Northern lights: Pictures show spectacular aurora borealis display visible as far south as Devon

Stargazers in Bedfordshire, Norfolk, Northumberland, Cumbria, North Yorkshire and Scotland all spotted stunning astral phenomenon

Joe Sommerlad
Monday 08 November 2021 10:01 GMT
<p>A spectacular display of the Northern Lights seen over Derwentwater near Keswick in the Lake District in early hhours of 4 November 2021</p>

A spectacular display of the Northern Lights seen over Derwentwater near Keswick in the Lake District in early hhours of 4 November 2021

British stargazers braved the autumn chill on Wednesday evening to take in the spectacular green flare of the northern lights over the night sky.

A common sight over the Arctic, northern Canada, Scandinavia and Russia, the aurora borealis is rarely seen over the UK but was this time spotted as far south as Devon, with the Met Office attributing the phenomenon to a “coronal mass ejection” from the sun.

These explosions of hot plasma on the surface of the star expel billion-tonne clouds of electrically-charged solar particles, which travel millions of miles through space at speeds of 2 million miles per hour and can collide with the Earth’s magnetosphere, subsequently accelerating down towards our globe’s north and south poles.

“These particles then slam into atoms and molecules in the Earth’s atmosphere and essentially heat them up,” explains astronomer Tom Kerss.

“We call this physical process ‘excitation’, but it’s very much like heating a gas and making it glow.”

What results is a spectacular geomagnetic storm, the aurora’s distinctive waves and “curtains” of light caused by the lines of force within the Earth’s magnetic field, its lowest point typically above 80 miles from the ground and its upper reach towering thousands of miles into space.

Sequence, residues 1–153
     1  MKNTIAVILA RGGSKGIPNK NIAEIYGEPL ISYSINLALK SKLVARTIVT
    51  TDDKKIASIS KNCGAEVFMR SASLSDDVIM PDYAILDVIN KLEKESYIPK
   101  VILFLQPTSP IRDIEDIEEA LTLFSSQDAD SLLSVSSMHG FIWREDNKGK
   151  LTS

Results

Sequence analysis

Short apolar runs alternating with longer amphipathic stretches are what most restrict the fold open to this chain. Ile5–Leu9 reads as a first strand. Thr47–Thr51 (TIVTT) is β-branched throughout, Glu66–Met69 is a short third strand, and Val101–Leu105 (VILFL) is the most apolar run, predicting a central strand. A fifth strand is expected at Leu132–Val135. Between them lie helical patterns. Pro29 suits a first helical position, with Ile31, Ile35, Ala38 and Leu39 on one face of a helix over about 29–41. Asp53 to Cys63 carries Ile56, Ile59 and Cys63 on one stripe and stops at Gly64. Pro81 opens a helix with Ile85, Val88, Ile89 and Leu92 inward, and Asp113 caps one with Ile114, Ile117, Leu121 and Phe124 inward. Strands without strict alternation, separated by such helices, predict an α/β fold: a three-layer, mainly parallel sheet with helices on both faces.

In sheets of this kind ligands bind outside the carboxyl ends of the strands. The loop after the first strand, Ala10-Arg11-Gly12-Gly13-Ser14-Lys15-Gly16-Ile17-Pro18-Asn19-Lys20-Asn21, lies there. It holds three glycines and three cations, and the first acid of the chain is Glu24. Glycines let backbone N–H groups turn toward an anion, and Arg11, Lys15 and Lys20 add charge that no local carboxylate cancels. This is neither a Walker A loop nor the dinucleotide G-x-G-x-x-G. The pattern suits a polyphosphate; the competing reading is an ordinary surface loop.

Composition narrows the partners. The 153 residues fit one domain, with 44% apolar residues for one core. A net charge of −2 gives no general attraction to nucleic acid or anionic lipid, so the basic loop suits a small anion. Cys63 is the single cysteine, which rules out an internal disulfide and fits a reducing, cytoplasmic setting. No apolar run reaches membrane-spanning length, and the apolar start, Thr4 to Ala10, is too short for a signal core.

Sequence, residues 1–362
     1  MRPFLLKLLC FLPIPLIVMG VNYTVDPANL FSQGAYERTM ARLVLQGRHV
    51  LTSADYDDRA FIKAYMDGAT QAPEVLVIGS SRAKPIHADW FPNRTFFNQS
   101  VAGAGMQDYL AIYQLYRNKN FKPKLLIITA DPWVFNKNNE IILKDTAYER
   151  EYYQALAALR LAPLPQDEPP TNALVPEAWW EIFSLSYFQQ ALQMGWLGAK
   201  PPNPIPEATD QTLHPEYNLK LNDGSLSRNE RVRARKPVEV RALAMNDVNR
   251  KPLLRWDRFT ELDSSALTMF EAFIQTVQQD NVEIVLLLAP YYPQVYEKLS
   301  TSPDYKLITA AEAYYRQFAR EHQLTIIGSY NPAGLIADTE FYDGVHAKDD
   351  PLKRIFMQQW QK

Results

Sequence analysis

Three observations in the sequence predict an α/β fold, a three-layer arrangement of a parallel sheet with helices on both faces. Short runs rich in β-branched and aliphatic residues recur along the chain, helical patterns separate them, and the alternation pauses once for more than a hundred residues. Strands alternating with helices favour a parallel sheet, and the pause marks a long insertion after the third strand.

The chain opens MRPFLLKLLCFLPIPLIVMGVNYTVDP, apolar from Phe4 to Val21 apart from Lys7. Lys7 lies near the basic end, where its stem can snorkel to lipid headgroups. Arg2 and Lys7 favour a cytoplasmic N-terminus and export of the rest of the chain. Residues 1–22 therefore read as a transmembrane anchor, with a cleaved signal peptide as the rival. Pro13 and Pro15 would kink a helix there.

The heating that takes place with the collision causes the primary gases in our atmosphere, oxygen and nitrogen, to react by giving off the eerie greens, blues, pinks and yellows we observe.

“We sometimes see a wonderful scarlet red colour, and this is caused by very high altitude oxygen interacting with solar particles,” adds Mr Kerss.

“This only occurs when the aurora is particularly energetic.”

But these light flares playing out across our northern skies are usually only visible at higher latitudes, close to the poles.

A particularly strong reaction might be visible further south, dependent on cloud cover and light pollution levels in the air.

The phenomenon last occurred over the weekend and made for fine photographs in Scotland and parts of northern England.

This time, Twitter users posted some stunning shots from locations as southerly as Norfolk, Bedfordshire and Devon.

The following shots were taken from high ground in Cumbria, Northumberland and North Yorkshire.

But, in truth, Scotland again had the best of it.

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